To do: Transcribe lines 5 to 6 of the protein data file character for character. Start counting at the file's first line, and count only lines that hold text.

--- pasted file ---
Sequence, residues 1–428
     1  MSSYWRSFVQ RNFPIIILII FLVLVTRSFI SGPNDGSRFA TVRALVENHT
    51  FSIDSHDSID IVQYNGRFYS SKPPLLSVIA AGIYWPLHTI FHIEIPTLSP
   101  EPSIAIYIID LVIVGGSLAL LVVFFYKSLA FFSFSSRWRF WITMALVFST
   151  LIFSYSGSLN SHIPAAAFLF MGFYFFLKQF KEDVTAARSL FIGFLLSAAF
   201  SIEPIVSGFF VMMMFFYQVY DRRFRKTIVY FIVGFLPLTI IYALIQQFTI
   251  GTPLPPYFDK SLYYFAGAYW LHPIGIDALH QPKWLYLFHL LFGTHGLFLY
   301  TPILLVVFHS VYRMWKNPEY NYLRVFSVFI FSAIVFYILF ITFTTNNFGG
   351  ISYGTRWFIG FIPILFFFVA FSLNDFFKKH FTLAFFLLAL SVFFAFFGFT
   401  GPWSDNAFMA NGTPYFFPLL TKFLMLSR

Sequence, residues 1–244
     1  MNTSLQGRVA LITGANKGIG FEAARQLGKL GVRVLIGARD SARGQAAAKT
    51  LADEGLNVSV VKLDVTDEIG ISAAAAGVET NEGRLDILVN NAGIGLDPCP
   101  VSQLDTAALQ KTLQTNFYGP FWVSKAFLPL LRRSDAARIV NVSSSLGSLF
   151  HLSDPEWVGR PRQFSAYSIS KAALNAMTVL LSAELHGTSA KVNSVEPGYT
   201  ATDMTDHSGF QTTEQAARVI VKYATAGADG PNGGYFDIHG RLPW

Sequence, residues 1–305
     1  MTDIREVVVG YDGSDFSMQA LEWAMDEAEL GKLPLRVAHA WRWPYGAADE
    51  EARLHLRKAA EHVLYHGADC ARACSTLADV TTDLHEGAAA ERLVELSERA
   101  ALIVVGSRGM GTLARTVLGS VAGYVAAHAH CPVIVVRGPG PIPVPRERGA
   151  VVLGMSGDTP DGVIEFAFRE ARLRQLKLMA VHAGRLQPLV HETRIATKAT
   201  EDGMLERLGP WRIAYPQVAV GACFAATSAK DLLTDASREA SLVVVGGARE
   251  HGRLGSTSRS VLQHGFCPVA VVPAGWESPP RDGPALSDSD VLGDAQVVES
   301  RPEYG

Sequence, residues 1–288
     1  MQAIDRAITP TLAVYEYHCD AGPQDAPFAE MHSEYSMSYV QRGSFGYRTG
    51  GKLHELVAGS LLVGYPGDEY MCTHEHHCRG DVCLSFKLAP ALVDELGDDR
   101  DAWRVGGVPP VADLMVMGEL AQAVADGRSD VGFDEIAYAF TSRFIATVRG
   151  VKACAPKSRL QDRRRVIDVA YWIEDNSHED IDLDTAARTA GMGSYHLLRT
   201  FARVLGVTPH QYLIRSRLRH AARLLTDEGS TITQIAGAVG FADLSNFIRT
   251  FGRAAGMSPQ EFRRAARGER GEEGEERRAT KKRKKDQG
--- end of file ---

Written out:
   151  LIFSYSGSLN SHIPAAAFLF MGFYFFLKQF KEDVTAARSL FIGFLLSAAF
   201  SIEPIVSGFF VMMMFFYQVY DRRFRKTIVY FIVGFLPLTI IYALIQQFTI